You couldn’t have dialed up a duller morning. About 10 o’clock the other day, I found myself in the drive-thru at Tim Horton’s contemplating how Tim’s has superior doughnuts to Dunkin’ Donuts, but inferior muffins. Great thoughts as usual. Then the text alert sounded on my phone.
“Hey Kramer,” the message read. “Why don’t you get off your duff for once and come over to the State Fair Hotel, Rm. 105?”
“Who’s this?” I texted back.
“Your next column,” came the reply.
Desperation doesn’t always make for sound decision-making, so I jumped on the 690 and knocked on Room 105.
“Who goes there?” came a gruff voice from inside.
“It’s Kramer,” I said. “From the Syracuse New Times.”
The door opened seemingly by itself. I was immediately aware of the reek of marijuana. The haze was so thick, I had trouble making out the figures in the room.
“Down here,” the gruff voice said. “You unarmed?”
I looked down to see a little green army man clutching a carbine.
“No weapons,” I said.
He frisked the cuffs of my jeans anyway. As my eyes adjusted to the dim light, I saw there were four or five other miniature plastic Army men drawing down on me.
“He’s clean,” the gruff one said.
A tiny soldier bearing an uncanny resemblance to a young Tom Hanks stepped out of the gloom.
“I’m Lt. Rodney Harris, U.S. Army,” he said. “Welcome to our little pity party. Believe it or not, they sent us in here for cleanup detail, but. . . ”
He laughed darkly and took a hit from a large spliff …
“. . . turns out we’re not big on following orders anymore, not after what happened in Rochester. Again.”
I scanned the room. It was littered with empty jugs of wine, bottles of rum and vodka and multiple pipes and bongs. A pair of skimpy lady’s panties had been stretched across a lampshade. The TV remote had been left in a half-eaten carton of shrimp lo mein. Through the closed bathroom door I heard a girl weeping softly, only it sounded more like. . . neighing.
“That’s My Little Pony,” the sergeant said. “She took it the hardest.”
“It is decidedly so,” a bored voice intoned, and right then I saw him–Magic 8 Ball–propped on a pillow on the bed. Next to the orb, leaning back against the headboard, was Butch, one the original Fisher-Price Little People. Butch looked stoned as he blew bubbles, several of which drifted lazily across the room and popped on the wall.
Suddenly, I understood.
A few days earlier, Chess and Rubber Duck had been inducted into the National Toy Hall of Fame at the Strong Museum, in Rochester. These other toys, the ones here at the hotel, were some of the 10 rejected nominees. They were pissed off, hung over and they needed to bathe, but they had a story to tell.
“It’s an honor to meet you guys,” I said. “Sorry things didn’t work out in Deadchester.”
The bathroom door opened, and out walked Violet, a mail-order My Little Pony, followed by a leering Pac-Man. Violet’s pink hair and mascara were a mess and her saddle askew.
“What the hell are you looking at?” she snapped, bearing unexpectedly large and unattractive teeth. She cantered over to the dresser and drained the last half-inch from a bottle of Patron.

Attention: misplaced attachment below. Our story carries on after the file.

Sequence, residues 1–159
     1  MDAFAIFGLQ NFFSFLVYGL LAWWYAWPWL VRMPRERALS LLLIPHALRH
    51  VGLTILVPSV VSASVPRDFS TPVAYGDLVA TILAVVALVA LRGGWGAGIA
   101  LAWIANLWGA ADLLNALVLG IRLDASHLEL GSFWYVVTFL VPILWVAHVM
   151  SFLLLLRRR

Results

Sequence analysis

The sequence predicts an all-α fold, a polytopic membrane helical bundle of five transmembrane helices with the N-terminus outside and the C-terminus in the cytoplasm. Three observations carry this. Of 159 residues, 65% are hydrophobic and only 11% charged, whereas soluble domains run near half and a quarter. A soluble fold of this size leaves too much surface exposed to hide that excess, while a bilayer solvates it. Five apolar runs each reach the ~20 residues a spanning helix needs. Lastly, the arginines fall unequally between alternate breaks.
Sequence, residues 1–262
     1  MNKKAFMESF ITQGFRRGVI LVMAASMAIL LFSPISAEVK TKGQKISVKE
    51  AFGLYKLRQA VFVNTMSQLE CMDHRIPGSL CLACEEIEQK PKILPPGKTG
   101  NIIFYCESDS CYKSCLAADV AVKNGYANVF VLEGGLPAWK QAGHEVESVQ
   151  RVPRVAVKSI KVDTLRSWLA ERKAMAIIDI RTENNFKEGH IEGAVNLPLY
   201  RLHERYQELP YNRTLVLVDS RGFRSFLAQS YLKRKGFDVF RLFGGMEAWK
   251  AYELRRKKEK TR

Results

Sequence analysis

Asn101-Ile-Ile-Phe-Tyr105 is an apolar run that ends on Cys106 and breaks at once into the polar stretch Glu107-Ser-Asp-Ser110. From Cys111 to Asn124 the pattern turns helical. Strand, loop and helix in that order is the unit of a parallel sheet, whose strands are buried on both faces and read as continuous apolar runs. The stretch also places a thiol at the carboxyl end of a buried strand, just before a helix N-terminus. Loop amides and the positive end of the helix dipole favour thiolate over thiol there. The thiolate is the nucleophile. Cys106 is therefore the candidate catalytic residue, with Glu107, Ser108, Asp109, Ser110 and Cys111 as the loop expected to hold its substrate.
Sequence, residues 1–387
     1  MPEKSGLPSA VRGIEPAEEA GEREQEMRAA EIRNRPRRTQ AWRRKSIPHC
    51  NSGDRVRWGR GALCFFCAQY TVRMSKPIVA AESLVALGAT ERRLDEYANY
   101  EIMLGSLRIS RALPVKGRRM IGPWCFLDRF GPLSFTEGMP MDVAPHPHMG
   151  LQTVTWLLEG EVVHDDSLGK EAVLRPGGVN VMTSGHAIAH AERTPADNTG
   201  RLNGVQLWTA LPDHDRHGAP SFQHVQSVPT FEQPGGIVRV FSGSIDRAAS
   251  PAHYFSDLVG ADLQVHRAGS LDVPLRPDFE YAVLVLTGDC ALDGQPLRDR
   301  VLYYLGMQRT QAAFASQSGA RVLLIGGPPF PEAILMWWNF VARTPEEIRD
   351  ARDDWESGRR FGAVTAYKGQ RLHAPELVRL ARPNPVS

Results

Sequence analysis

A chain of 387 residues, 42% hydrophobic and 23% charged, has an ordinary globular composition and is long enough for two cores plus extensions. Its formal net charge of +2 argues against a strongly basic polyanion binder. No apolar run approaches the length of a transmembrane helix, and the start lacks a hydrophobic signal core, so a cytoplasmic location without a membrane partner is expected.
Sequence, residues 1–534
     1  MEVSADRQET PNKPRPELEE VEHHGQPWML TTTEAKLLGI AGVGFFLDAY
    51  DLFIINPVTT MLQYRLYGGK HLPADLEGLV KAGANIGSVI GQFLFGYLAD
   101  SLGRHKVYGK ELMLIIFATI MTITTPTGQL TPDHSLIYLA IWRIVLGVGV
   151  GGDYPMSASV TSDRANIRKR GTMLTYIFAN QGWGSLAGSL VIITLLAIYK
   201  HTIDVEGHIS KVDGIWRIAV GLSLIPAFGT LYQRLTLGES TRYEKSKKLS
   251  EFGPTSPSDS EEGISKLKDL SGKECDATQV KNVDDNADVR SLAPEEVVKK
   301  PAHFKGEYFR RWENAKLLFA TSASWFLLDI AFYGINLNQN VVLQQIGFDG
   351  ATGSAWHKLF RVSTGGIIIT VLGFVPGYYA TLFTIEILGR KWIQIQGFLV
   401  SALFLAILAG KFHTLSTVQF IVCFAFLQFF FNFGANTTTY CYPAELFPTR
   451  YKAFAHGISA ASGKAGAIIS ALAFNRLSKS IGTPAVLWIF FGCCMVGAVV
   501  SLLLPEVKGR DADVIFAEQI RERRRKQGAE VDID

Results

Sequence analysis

“Frickin’ Chess?” she asked. “Really? It’s not even a toy. How many kids do you know who play chess?”
“None,” I said.
“It was a choice by adults for adults,” she continued. “If the Hall of Fame is so concerned with what adults like, maybe it should induct one of these. . . ”
She pawed the floor with a front hoof, causing a huge adult toy to roll toward me.
“You’re nasty,” Butch said from the bed.
“Bite me, dwarf,” the horse whinnied.
Gradually the tension in the room eased, and I started taking notes. The group was irritated by the selection of Rubber Duck because, in its view, he doesn’t do anything except float.
“Why not induct a sponge?” a morose Scooter opined. “At least they have a purpose.”
But it was the selection of Chess that had many of them talking about getting retrained in a non-toy profession. Several of the Little Green Army Men even hinted they were considering defecting to Canada.
Lt. Harris spoke passionately of the irony of Chess being a metaphor for war vs. the dedication of Little Green Army Men.
“Guess what we do?” he said. “We fight actual wars. We put our butts on the line every day: special ops, landings, reconnaissance, anything any 7-year-old psuedo-general can cook up in his twisted micro-brain. And we do it no questions asked because the rules say we can’t talk. Well, f&*% the rules. We’re sick of being snubbed because we’re not politically correct. Will people ever wake up and smell the Joe?”
“Very doubtful,” Magic 8 Ball answered.
When Violet started puking in the sink, I decided I’d had enough. There are limits to what I’ll endure for a good story. As I headed out, I took one last look at Room 105. Pac-Man was gnawing on one of the Scooter’s rear wheels as Scooter played online poker with a credit card I would later learn had been stolen–from me. Several soldiers were watching a rerun of Finding Bigfoot.
“Good luck to you guys,” I said. “I hope it all works out.”
“Don’t count on it,” Magic 8 Ball said.
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